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Review: A World on Fire, Amanda Foreman

The US Civil War is a topic that more or less everyone on both sides of the pond has learned at least a little something about. For us Americans, this is almost certainly more; I know in my school we covered the big battles and perhaps more importantly the many issues underpinning the war’s start and continuation. A World on Fire isn’t just a summary of those things. Instead, it is a history of the Civil War and at the same time a reflection of British and American relations during the war from the perspective of the people who lived through it. Foreman quotes extensively from personal records, letters, and other correspondence in her massive effort to tell the story of the war from different sides.

My edition of this book is subtitled “An Epic History of Two Nations Divided” and it is certainly epic. Coming in at over 800 pages long, in hardcover, reading this book is an undertaking (not least because it’s hard to hold!), but I at least found it a worthy one. Foreman is known very well for her earlier book, Georgiana, the Duchess of Devonshire, which I read and enjoyed well before blogging, so before I even knew what her next book would be about I already suspected I’d be reading it. This is a total change of pace, but it stands up very well in its own right. American history has never been my favorite subject, but I enjoyed reading this and felt like I got a ton out of it, as well as another perspective on a war that still persists strongly in our culture.

Depicting just how closely relations between America and Britain still were is incredibly complex. British men fought for both sides in the war, British ships were involved in blockades, and both sides remained convinced that Britain would play a big part in determining the outcome of the war. All this despite the British government’s continued attempts at neutrality. It is epic in its scope, covering all events of the time in equal measure – Foreman can tell the story of a battle costing thousands of lives alongside a drawing room conversation or dinner that could have as much or as little effect on the war.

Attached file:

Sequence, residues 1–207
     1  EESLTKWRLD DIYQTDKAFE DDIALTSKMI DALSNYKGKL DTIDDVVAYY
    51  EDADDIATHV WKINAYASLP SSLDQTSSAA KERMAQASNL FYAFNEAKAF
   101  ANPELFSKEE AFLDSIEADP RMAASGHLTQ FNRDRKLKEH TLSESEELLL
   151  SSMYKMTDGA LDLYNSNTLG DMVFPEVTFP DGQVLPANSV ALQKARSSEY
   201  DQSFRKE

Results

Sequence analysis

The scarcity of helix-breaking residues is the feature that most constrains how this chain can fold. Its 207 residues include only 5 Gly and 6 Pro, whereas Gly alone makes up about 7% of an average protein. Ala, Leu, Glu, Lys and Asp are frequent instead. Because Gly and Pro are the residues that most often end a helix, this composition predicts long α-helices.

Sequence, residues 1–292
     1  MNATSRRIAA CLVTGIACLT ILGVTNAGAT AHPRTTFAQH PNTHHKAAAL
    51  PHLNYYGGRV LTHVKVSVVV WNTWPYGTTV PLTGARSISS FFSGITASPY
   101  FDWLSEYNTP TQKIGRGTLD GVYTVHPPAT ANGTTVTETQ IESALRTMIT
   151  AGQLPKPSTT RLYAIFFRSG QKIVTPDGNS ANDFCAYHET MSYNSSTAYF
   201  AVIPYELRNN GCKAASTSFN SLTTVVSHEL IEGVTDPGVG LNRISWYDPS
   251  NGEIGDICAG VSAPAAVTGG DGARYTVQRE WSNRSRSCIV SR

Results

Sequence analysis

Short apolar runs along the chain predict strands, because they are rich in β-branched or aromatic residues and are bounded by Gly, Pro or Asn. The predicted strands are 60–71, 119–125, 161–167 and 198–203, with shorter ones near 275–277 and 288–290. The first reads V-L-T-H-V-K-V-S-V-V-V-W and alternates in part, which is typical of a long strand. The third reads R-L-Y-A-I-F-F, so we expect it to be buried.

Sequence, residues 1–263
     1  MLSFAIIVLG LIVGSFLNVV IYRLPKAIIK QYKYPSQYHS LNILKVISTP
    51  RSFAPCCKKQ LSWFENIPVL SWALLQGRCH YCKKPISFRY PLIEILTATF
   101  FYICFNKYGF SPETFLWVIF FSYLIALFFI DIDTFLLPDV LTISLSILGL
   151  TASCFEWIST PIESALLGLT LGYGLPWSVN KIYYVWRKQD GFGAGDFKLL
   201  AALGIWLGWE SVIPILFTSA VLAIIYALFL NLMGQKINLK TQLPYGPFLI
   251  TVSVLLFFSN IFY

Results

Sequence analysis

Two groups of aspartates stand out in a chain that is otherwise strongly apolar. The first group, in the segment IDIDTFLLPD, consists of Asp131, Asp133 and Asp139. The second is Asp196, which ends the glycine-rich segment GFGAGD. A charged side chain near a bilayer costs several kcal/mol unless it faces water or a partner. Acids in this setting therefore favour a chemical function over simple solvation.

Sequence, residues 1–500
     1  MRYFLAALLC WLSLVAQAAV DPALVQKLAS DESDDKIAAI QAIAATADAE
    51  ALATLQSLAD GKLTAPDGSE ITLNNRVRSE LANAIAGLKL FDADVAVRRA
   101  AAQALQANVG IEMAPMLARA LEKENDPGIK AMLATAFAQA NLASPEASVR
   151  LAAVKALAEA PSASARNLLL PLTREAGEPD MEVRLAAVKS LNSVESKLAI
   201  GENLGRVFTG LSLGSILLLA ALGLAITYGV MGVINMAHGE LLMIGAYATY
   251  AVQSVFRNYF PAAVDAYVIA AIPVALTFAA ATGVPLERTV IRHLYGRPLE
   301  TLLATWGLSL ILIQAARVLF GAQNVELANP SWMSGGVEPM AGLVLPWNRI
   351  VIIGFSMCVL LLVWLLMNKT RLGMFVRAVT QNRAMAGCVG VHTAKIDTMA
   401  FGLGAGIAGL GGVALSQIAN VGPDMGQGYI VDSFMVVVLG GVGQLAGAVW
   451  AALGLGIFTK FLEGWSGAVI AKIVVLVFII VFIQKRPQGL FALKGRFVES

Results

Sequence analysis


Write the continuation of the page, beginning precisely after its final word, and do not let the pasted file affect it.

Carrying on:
To write this book, Foreman draws from an unbelievable amount of sources and quotes from a variety of people. Some of them stick in the mind a bit better than others; Frank Vizetelly was one of my personal favorites. Even though he’s generally on the Confederate side, I loved that his pictures of the war were sprinkled liberally throughout the book. It made him a bit more human, especially when the images of the time are simply stiffly posed photographs. I was saddened to discover the poor guy doesn’t even have a Wikipedia page, but his drawings are around on the internet. Here’s one of the Federal retreat from Bull Run:

frank vizetelly - bull run retreatSource

Of course, Foreman also includes the big names who ran the governments in all of the countries concerned, as well as the generals and a huge host of lesser soldiers whose letters have survived. We get the perspective of men in England, like Charles Francis Adams, who was ambassador to London during the war, and men in Parliament who were split between the North and the South. I’d learned nothing about this ever previously, aside from the fact that the lack of southern cotton was bad for England, so I was completely fascinated by this side of the story. Canada also plays a part I’d never suspected; at the time it was British North America and thus an obvious front for England. I didn’t even know that anyone in the US had ever hoped to annex Canada, although that should have been obvious. To top it off, the book doesn’t just focus on the men; there are women here, too, both the women loved by the men fighting and women who were passionate about their causes themselves.

In short, this was a book fascinating on many fronts, full of information, both on a small and wide scale. In terms of its mission to depict the the truth of the relations between two countries and how the people of the time felt about them, it succeeds hugely, depicting the events of the war with depth, thought, and consideration. Those who are not history buffs may find it dry and lengthy at times, but those who are obsessed like me will undoubtedly adore A World on Fire. Highly recommended.

I am an Amazon Associate. I received this book for free for review from Amazon Vine.

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